Behavior Management Expectations for Back To School

Click here to find ideas for creating classroom rules and a behavior management plan.  Included are ideas and  an anchor chart for the very engaging book Back To School Rules.  Get your back to school plans for standard RL.2.1 ready.   Perfect for elementary classrooms.  {kindergarten, first, second, third, fourth, fifth, k, 1st, 2nd, 3rd, 4th, 5th}

Hello there! Welcome back.  Make sure to check back every week day because we'll be taking a look at more than 20 different books that are perfect for the k-5 classroom and we don't want you to miss anything.  If you have a question that you need answered, make sure to send me an email at and I'll see if I have an answer for you.  A big thank you to my Instagram friends for sending in so many questions already! (@amylabrasciano)

This is the second post that discusses behavior management.  I'll explain my thoughts in the video below, but because I'm so uncomfortable on camera I thought I would put it in writing for you here too.  One of my Instagram friends asked what I recommend for behavior management.  So here's the thing, I've implemented a lot of different behavior management plans.  Each one has been just about as effective as the other.  My two favorites are clip charts that go up and down and Dojo.  Both have their benefits and drawbacks.  There are a lot of teachers who are very vocal about not using the clip chart, while I support their feelings I think if they are done in a consistent respectful way clip charts  are just fine.  Dojo works nicely because kids get and lose points.  The downfall for me was that parents didn't click to see if their children were losing points and why.  Dojo shows a total so if they lost a point for being disrespectful, but gained two points because you needed to encourage them to produce work, the parents never saw this behavior and didn't follow up with a conversation.  I will use Dojo again, but I will also be sure to have students write how many points were lost in their binders for a parent signature.

More important than consequences and rewards for behavior are ENGAGEMENT and EXPECTATIONS.  You can have the best reward system in the world but if you aren't engaging your students in lessons they are going to play around while they should be learning.  You can have the best lessons in the world, but if you aren't consistent with expectations then your kids won't know what to do and you will lose them.  So instead of worrying about clip charts, you should be planning awesome consistent lessons and an expectation procedure for your classroom.  If you want to add engagement to your classroom, check back in my blog.  I have published my lessons for free here for over a year.  You might also want to give a student interest survey to see what your kids want to learn about.  There is a free interest survey here.  It is super easy to teach reading and writing standards while using books that your kids love.  While it's a bit more difficult, you can also do it with math, science and social studies.  Let's talk about expectations now.  You should have a procedure for everything in your classroom.  We'll talk about what those procedures are a little later in this series.  To set expectations for every lesson consider using CHAMPS.  It has worked brilliantly for years in my classroom.  It tells students what conversation level you want them on, how to get help, what activity, what movement is allowed in the classroom, how to participate and if they are successful or not.  You can buy the book on Amazon used.  I have yet to find a program that helps set such great expectations for kids. (Again, they did not pay me to say this I just love them that much!)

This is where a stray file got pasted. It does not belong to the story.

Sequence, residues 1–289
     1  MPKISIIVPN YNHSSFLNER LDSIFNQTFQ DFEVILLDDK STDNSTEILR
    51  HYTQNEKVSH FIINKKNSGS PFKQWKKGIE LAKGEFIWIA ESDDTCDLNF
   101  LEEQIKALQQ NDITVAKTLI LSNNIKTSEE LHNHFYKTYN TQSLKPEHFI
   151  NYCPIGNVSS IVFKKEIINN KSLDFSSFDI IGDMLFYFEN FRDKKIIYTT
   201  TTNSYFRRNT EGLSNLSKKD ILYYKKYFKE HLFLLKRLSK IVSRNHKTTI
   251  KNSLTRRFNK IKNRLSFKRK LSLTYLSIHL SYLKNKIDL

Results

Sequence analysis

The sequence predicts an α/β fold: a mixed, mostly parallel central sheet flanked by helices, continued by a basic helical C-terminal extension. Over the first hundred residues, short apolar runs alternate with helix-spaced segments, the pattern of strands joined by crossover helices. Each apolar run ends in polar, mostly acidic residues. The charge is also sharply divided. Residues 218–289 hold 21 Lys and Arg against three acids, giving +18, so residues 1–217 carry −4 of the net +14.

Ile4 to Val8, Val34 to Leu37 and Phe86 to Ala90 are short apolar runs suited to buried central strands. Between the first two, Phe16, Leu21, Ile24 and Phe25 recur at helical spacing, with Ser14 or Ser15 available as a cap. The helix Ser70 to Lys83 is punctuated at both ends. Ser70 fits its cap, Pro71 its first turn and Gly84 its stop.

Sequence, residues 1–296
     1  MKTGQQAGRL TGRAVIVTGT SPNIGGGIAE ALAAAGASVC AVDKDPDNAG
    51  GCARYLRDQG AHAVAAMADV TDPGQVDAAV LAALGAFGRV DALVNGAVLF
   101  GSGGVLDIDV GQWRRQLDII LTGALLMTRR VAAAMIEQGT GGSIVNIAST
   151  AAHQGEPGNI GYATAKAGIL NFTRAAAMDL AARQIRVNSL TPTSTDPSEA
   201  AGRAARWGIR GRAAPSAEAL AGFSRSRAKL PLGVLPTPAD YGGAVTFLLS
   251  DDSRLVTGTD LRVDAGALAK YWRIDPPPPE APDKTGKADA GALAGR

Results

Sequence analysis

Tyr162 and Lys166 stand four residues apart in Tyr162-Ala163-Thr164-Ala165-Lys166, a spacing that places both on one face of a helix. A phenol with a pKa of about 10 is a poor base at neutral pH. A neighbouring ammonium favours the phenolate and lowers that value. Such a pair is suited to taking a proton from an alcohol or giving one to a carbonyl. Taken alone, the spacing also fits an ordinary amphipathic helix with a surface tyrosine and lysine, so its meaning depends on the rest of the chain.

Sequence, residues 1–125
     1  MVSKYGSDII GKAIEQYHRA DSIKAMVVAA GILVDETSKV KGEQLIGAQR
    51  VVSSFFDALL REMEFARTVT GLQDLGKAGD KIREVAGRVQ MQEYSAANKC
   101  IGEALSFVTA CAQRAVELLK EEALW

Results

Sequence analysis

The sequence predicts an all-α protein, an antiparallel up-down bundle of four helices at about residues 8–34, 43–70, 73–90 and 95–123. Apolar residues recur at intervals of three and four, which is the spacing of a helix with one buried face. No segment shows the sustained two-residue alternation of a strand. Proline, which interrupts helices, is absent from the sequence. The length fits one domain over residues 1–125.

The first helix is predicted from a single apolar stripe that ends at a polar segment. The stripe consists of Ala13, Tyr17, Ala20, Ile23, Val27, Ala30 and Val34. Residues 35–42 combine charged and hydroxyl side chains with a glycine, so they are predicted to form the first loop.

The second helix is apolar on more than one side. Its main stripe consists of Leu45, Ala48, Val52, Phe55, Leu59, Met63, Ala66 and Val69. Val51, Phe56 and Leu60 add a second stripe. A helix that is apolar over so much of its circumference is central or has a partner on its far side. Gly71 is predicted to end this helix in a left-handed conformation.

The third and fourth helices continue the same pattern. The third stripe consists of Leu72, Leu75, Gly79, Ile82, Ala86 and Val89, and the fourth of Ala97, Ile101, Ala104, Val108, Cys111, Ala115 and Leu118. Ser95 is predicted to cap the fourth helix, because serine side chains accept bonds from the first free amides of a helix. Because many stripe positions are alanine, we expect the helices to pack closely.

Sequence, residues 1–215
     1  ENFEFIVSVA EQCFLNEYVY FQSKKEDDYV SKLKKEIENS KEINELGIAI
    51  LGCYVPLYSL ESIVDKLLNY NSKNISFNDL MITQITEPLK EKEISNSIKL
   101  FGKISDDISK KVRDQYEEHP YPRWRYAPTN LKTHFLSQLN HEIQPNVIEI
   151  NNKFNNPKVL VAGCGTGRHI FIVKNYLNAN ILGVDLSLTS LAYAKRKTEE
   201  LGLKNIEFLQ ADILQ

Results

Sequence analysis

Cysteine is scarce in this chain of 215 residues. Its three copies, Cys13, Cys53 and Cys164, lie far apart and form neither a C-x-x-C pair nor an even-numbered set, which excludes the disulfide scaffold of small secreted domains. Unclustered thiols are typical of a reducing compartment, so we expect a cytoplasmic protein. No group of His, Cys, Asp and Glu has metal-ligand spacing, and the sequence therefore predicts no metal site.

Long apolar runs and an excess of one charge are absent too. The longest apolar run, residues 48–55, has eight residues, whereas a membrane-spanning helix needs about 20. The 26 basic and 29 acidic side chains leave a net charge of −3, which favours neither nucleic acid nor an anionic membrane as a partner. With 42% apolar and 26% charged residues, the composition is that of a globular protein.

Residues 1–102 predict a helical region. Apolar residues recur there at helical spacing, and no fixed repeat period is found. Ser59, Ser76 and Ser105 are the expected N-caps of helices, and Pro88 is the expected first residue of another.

For a reward system, I allow students to turn in their Dojo points for a classroom store on Friday.  The classroom store sells mostly things that didn't cost me money like:  socks in class, change desks, super supplies, lunch with teacher, hat in class, read with a stuffed animal, etc.  Before Dojo points we gave out classroom cash and the premise was the same.  A lot of emphasis is put on the reward system, but we also have a consistent natural consequence procedure.  If students break a rule or procedure after clear expectations have been set and practiced, then they lose a Dojo point.  The natural consequence is that they won't get their Friday reward if they don't have enough points.  There are also consequences that encourage students to do work.  If they don't finish written responses or certain assignments, then they don't get to do center work or other fun learning activities.  If there is an ongoing issue with behavior, then you have to dig deeper and connect more with your student.  At this point we implement a personal system that works for the student.  If by chance you end up with a student who does not respond to your efforts, you just have to keep trying until you reach them. This can be very stressful and wearing, but you can't give up.  Just make sure to take care of yourself and take your breaks as needed because your health is very important.

So hopefully you found some value in our post on classroom rules, consequences, expectations and rewards.  Make sure to come back every week day to read more.

Thanks so much for stopping by today.  If you are looking for a way to increase engagement in your classroom, check out the video below in my TPT store.

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